NC Piedmont Poet Laureate Dasan Ahanu on his journey to "A Rebellion"
Each summer, youth reporters are tasked with telling stories from their community. Alani Rouse passed the mic to NC Piedmont Poet Laureate Dasan Ahanu as he reflected on his poetic journey, his role as an educator and his new book.
Dasan Ahanu is an educator, emcee, event curator, award-winning poet and the current NC Piedmont Poet Laureate. In June of 2023, he released a book, ‘A brilliant uncertain rebellion.’
An excerpt from the book reads:
“Borrowed your soul for success … it’s crafting your next opus, a hell of a rush, a hell of a gift?
If it leads you back to the words
do you consider yourself forsaken or blessed?”
For Ahanu, life is a puzzle. Poetry helps him put the pieces together, and it usually starts with a singular thought. Ahanu describes his process as free-flowing and intuitive.
“So what happens is usually the first line comes to me and that's where the poem comes. I rarely have any sense of where the poem is going,” Ahanu said. “I kind of write my way there, (I) will write it on anything at any point in time, driving, on the back of envelopes, brochures, and I'd have all this random paper.”
Like many artists, Ahanu’s work is an extension of his life praxis and his person.
“I grew up in a working-class Black family (and) kind of stumbled into the arts ... and reading was just an outlet because I grew up as an only child,” he said, as he recalled his childhood. “A hyperactive child who is mischievous and likes to get into things needs things to be able to do to occupy them when they're the only child around. They give you books, they give you a pen and paper, they give you crayons and markers until you occupy yourself. And ultimately, that led to poetry.”
Originally from Raleigh, Ahanu started his poetry career in 2004. He decided to dive into the craft after joining SlamCharlotte, a poetry slam team based in Charlotte. Ahanu is a slam master and holds down the scene in the Triangle. Creative expression is not just a hobby for him — it’s a way of life. Stepping into his role as Piedmont Laureate, he carries on the legacy of NC Poet Laureate Jacki Shelton Green.
“I feel like I'm continuing in her footsteps, which is big, because of all the trailblazing she's done," Ahanu said. "I want to use this opportunity to kind of push back at some, some misconceptions or some notions to bridge and bring some people together … especially younger poets.”
I was one of those younger poets he brought together. When I was 16, I walked into Jambalaya Soul Slam. That's where I first met Ahanu, and I was intimidated, to say the least.
Before Ahanu became my Slam Coach in 2021, I used to see him all over the state giving workshops, hosting open mics and performing. He was one of the people who was essential in helping me dive back into my craft and ensuring that poetry could be a safe space for me. Jambalaya has been a space for many other young and up-and-coming poets, like Ayanna Albertson-Gay.
“ [Dasan] just taught me everything, like even from like stage presence, to delivery," said Albertson-Gay, the winner of the 2021 Women of the World Poetry Slam. "One thing I love about Dasan is he never tried to change the writer that I was. He just really tried to elevate the writer that I was.”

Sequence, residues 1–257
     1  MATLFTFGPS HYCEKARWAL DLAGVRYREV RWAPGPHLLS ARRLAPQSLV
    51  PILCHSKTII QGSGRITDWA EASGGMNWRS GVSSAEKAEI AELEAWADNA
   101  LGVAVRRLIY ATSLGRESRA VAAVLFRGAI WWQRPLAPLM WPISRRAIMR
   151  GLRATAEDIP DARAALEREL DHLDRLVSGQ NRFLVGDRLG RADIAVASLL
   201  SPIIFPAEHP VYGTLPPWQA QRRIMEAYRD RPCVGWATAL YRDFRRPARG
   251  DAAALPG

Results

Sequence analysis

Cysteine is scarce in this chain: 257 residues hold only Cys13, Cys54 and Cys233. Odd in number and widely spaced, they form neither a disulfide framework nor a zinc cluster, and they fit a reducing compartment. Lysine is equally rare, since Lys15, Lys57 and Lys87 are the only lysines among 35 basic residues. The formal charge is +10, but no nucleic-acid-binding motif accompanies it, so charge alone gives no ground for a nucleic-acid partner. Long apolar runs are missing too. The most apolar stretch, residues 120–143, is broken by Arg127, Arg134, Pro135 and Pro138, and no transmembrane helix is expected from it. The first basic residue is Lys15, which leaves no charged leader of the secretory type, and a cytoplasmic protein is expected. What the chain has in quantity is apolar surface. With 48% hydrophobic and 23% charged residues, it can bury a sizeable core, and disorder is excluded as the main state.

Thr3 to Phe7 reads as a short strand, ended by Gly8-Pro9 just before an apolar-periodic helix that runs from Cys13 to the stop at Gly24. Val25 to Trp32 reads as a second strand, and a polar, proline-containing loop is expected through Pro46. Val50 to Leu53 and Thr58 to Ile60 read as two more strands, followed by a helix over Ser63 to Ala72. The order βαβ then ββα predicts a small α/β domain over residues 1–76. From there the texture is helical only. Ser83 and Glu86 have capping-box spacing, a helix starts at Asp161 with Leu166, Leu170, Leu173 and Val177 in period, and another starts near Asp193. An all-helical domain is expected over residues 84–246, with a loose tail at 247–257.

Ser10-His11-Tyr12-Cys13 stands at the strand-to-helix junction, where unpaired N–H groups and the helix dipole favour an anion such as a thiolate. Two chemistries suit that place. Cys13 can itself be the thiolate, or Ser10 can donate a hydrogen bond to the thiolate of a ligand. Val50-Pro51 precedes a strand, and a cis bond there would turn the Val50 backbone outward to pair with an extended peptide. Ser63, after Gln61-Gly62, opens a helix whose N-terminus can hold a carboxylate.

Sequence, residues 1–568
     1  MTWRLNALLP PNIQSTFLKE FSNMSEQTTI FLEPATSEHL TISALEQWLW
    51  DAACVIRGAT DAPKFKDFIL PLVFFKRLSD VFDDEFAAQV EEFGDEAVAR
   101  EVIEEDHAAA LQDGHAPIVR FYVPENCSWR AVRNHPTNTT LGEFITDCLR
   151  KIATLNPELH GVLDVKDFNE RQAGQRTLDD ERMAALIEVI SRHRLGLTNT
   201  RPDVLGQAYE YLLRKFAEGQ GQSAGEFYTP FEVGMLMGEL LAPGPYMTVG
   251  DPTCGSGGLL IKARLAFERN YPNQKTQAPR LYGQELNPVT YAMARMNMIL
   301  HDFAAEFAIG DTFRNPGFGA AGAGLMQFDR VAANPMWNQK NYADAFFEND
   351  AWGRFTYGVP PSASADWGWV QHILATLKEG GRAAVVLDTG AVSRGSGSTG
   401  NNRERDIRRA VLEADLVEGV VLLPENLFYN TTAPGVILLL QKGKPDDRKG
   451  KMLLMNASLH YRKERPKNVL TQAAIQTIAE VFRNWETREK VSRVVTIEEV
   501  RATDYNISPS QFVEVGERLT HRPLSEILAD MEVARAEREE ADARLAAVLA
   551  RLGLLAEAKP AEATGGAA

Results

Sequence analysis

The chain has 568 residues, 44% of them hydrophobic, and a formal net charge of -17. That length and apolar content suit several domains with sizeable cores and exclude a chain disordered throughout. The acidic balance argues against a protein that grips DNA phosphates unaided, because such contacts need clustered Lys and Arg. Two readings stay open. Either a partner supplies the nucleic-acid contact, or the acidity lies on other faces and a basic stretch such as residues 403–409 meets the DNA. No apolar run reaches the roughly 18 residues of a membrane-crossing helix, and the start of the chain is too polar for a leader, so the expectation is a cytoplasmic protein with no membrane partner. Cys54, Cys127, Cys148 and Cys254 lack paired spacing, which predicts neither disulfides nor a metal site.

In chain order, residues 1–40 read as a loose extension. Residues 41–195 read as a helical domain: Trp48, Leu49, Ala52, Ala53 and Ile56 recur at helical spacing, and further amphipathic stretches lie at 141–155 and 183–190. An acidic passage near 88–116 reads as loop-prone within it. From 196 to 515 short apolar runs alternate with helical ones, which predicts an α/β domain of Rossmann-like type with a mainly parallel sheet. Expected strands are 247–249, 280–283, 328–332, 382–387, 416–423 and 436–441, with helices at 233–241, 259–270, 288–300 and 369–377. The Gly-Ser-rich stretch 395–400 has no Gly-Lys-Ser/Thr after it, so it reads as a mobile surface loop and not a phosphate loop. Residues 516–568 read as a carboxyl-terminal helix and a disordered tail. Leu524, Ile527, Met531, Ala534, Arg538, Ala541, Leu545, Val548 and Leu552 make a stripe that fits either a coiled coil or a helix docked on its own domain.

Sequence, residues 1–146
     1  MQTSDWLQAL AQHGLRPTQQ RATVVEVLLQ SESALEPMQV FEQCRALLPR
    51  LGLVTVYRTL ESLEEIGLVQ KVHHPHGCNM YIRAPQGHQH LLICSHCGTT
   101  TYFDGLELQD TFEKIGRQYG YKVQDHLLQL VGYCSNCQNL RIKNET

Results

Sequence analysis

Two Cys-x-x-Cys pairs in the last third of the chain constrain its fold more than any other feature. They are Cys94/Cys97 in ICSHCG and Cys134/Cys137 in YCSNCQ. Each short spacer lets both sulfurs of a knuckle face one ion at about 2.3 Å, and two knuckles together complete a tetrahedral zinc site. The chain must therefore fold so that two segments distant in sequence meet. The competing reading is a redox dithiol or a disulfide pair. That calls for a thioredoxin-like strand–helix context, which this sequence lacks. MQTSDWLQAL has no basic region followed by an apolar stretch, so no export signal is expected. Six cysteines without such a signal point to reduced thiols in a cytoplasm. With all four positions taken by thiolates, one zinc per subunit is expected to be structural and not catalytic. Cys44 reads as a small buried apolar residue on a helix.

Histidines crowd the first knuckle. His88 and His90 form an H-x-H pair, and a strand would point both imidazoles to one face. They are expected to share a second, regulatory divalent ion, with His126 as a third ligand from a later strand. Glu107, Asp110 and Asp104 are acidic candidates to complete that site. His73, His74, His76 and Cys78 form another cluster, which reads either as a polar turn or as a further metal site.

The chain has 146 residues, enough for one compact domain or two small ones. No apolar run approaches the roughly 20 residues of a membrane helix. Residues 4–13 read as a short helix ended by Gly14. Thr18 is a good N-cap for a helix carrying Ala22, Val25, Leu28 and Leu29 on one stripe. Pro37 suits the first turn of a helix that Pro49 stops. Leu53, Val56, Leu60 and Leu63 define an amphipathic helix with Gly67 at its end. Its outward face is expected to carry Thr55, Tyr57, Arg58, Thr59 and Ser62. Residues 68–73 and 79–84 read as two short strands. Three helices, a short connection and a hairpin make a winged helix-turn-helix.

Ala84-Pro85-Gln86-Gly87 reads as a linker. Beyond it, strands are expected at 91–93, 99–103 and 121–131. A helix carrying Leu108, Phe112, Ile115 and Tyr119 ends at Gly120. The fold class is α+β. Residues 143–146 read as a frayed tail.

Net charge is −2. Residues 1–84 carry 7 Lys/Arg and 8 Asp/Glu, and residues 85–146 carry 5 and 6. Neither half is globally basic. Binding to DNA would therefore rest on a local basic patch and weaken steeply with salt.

Ahanu will meet you where you’re at as a person. Sometimes all I've needed is for him to hold space and allow me to write. Albertson-Gay recalled her experience receiving writing feedback from Ahanu: “I used to send Dasan some poems and he would send it back to me, and it would have red marked all through it. And I'm like, ‘Dang. I thought it was good.’ He was just like, 'You could do better, you could do more … you have a gift, clearly.'”
Ahanu is always putting his mentees on stage to give them opportunities to showcase their work. He offers feedback to help us become better writers and performers. He would offer us advice: "Always do things in threes," "Use your five senses," and "Poems have commas, not periods."
"A poem is never finished," he said. "I know when a poem is ready. And I use that as my gauge as opposed to being done. I know when a poem is ready. So that's one thing and ready means that I can do something with it.”
Among the many things Ahanu credits as a part of his creative journey, his ability to grow in his craft is important to him.
“My work in general is a product of the artist that I am. And me being able to continue to hone those skills means when I come back to create, you know that muscle? That muscle has been worked out," he explained. "And I'm at a place now at my age, I don't want to separate them. And that's been the journey I've been on and that's a difficult one.”
As Ahanu continues his work as the NC Piedmont Laureate, he reflects on some of his overall goals in the role.
“There's just things about who I am that come out in the way that I write and work,” he said. “My goal has been to create a life or create a path where those two things feed on each other until I'm done. And if I could figure it out maybe somebody else can but yes, my creative process is a process of how I navigate the world, and navigating the world helps me better create.”